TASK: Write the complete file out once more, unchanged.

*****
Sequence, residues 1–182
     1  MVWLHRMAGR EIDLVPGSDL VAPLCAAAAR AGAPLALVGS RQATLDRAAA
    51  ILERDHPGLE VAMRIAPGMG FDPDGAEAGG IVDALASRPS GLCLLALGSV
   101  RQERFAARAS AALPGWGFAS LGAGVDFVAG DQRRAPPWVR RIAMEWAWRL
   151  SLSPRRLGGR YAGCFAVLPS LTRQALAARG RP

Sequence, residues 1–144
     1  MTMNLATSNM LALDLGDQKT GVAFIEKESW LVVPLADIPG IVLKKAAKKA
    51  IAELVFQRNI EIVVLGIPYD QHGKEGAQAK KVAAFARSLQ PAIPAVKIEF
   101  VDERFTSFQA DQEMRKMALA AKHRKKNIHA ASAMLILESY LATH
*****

Sequence, residues 1–182
     1  MVWLHRMAGR EIDLVPGSDL VAPLCAAAAR AGAPLALVGS RQATLDRAAA
    51  ILERDHPGLE VAMRIAPGMG FDPDGAEAGG IVDALASRPS GLCLLALGSV
   101  RQERFAARAS AALPGWGFAS LGAGVDFVAG DQRRAPPWVR RIAMEWAWRL
   151  SLSPRRLGGR YAGCFAVLPS LTRQALAARG RP

Sequence, residues 1–144
     1  MTMNLATSNM LALDLGDQKT GVAFIEKESW LVVPLADIPG IVLKKAAKKA
    51  IAELVFQRNI EIVVLGIPYD QHGKEGAQAK KVAAFARSLQ PAIPAVKIEF
   101  VDERFTSFQA DQEMRKMALA AKHRKKNIHA ASAMLILESY LATH